Once an illness is diagnosed, it’s essential to be realistic about what a child will need in terms of treatment and time away from school. This is where parents have to take the lead. By talking honestly to doctors and specialists, parents can get a sense of what is best for their child’s health, and how much time it may take for them to recover or receive adequate treatment. In some cases, this will mean time away from school. In other cases, students can remain in school while they undergo treatment. In either case, this should be a decision that parents make with their child’s health care professionals, rather than their teachers.

Finally, when the family has an understanding of the kind of time and accommodations a student might need, they can have a conversation with the schools’ administrators to come up with a plan for completing schoolwork. In some cases, it may be necessary to homeschool an ill child so that they don’t fall too far behind their classmates. In other cases, parents can make plans for a child to miss a certain amount of school and make up that time in summer school, so that they’re able to progress in their education as expected. Still in other cases a child may not have to miss significant amounts of school. It may be enough to inform a teacher that a young student will be out for a week and will make up the work when she returns. The important thing is that parents and teachers communicate clearly with one another about what is needed, both for the well-being of the child and for the educational mission.

None of us wants to think about a child getting sick. But by having a plan and being open with teachers, it is possible to keep a child’s education on track while making sure that they get the help that they need. This creates a clear and welcoming school environment for the student to return to when they are feeling better.

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Distracted Child

Photo Credit: Janko Ferlic

We all want to create healthy and supportive home environments for our children. However, sometimes circumstances beyond our control can impact children’s learning and make it difficult for them to focus on school. When a family member gets sick, or financial trouble disrupts home life, it can be a challenge for young people to stay focused on their studies. Here are some ways you can help promote your children’s health and focus when they’re dealing with distractions.

The first thing to do is identify the disruption. What is it that’s causing the difficulty? Has there been a death in the family? Did you recently move and your child switched schools? Before we can address the effects of a disruption, we have to know what it is. Sometimes it will be obvious. Other times you will have to ask questions to find out what your son or daughter is thinking. Maybe they’re worried about a friend of theirs. Or maybe they’re having issues with someone else in the family. Accurately identifying the problem is the first step to addressing it.

Once you know what the issue is, have an honest conversation with your child about how it’s affecting them. Are they having a hard time paying attention in class? Do they not remember the material as well? Maybe they’re no longer enjoying hanging out with friends or participating in activities. Whatever the problems, you want to reassure them that it’s normal to become distracted when we’re dealing with difficult things in life. By giving your child permission to feel upset, you can help them relax and eventually work through whatever they’re dealing with.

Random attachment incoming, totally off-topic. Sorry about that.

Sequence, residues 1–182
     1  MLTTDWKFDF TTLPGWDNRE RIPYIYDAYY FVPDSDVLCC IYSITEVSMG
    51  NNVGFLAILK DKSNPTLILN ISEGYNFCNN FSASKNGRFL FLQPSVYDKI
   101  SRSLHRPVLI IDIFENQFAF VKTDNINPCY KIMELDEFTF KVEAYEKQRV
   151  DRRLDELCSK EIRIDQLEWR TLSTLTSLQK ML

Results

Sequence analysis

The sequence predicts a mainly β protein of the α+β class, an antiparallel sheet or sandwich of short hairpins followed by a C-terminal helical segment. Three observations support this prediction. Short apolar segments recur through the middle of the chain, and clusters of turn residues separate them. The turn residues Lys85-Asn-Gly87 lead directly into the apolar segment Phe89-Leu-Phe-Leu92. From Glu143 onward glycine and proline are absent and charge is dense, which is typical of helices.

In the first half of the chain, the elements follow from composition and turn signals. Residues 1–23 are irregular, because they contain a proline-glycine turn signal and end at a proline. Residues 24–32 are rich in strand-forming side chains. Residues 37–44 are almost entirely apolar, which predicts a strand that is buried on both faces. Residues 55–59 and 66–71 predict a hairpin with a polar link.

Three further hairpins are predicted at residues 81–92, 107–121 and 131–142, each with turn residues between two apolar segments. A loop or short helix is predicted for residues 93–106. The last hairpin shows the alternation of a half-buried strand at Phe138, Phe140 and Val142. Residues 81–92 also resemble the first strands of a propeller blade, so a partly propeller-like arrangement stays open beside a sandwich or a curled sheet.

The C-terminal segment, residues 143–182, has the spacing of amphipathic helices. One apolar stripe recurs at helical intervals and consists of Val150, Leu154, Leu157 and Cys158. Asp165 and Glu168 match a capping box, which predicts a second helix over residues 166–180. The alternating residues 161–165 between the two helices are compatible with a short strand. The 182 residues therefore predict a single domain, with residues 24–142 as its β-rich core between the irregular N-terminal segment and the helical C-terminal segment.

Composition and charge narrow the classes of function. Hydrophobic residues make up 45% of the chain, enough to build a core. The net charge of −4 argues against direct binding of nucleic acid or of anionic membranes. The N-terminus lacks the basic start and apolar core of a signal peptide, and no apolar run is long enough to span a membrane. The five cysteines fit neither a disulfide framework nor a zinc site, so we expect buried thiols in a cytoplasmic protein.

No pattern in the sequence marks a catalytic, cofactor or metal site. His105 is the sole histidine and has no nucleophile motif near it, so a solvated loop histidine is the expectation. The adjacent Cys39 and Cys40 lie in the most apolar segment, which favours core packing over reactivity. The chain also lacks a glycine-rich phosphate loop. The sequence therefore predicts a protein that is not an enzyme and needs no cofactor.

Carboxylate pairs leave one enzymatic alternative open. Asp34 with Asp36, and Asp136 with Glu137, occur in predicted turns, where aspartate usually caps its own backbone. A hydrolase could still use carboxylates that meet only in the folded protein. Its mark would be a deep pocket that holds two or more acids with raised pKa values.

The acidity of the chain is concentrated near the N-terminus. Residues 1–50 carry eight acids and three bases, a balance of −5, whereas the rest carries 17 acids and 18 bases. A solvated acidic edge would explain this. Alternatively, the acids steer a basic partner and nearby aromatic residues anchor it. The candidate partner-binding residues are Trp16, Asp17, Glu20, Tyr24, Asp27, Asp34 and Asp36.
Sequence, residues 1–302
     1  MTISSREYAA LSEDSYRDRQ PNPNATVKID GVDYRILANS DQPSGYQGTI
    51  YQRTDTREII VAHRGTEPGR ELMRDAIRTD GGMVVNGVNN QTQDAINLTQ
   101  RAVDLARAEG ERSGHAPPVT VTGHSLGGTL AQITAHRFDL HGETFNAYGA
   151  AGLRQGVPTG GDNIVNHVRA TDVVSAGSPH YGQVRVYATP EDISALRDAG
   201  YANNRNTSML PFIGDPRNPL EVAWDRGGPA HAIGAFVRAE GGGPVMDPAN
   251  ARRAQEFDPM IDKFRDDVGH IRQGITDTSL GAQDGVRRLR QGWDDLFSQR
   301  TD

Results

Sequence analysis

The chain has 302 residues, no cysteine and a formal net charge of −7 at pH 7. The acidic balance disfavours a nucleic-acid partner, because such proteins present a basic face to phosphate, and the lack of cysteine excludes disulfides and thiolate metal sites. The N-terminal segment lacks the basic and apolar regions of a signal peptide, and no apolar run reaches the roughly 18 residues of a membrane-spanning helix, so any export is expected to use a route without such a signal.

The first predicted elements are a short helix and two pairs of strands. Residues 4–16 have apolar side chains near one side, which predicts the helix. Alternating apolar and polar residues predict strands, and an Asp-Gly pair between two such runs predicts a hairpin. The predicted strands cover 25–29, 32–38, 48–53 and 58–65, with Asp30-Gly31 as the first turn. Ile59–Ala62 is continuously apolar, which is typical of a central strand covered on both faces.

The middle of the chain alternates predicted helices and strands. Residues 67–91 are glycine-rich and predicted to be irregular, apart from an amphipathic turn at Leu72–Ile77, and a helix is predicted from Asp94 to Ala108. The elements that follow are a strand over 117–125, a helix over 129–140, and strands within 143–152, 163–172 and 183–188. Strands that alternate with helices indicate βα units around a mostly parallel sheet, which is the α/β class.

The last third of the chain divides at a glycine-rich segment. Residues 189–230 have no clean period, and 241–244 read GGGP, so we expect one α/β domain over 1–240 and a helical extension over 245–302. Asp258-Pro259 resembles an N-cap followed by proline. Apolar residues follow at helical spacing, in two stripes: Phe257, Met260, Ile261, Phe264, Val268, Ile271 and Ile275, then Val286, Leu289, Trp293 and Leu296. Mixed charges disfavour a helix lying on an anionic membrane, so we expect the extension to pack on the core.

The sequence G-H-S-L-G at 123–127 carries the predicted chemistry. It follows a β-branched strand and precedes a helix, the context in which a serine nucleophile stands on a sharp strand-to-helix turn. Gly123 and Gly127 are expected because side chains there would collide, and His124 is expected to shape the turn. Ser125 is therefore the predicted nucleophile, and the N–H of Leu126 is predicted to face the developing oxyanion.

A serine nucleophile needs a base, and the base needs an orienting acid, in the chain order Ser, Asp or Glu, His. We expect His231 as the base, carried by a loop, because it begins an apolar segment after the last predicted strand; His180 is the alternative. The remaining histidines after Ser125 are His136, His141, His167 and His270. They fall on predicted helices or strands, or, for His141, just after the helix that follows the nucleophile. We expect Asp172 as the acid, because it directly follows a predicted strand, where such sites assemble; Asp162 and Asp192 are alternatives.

Once you and your child understand what’s happening and how it’s affecting them, you can begin to look for routines, resources, and support to help them. For children who are having a hard time focusing at home, this could mean letting them go to the local library for a few hours after school. If your child’s school has a good counseling program, you can set up sessions with the school counselor so that your child has an ally at school they can talk to. It’s also a good idea to be in touch with your child’s teachers. You can share as much or as little as you’d like about what your child and your family are dealing with. The key is simply to communicate to the teacher that you’re aware of your child’s trouble focusing and that you intend to address it actively and in a way that’s healthy and productive for their education.

We never want to imagine our children in difficult situations. However, circumstances sometimes arise that challenge the normal, healthy routines we’ve established. At these times, it’s important to be proactive. By actively sympathizing with your children and communicating with their teachers, you can create a collaborative environment where your child feels supported and is able to overcome whatever is hampering their success.

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Whild Writing

Photo Credit: Kurt_Niemans from Pixabay

If you have a child in first, second, or even third and fourth grade, you may notice homework or graded papers coming home with multiple spelling errors that are not counted. You may have also questioned this. After all, they are supposed to be learning about spelling, aren’t they? So, why would a teacher ignore such mistakes? Do they not teach spelling anymore?

The Early Years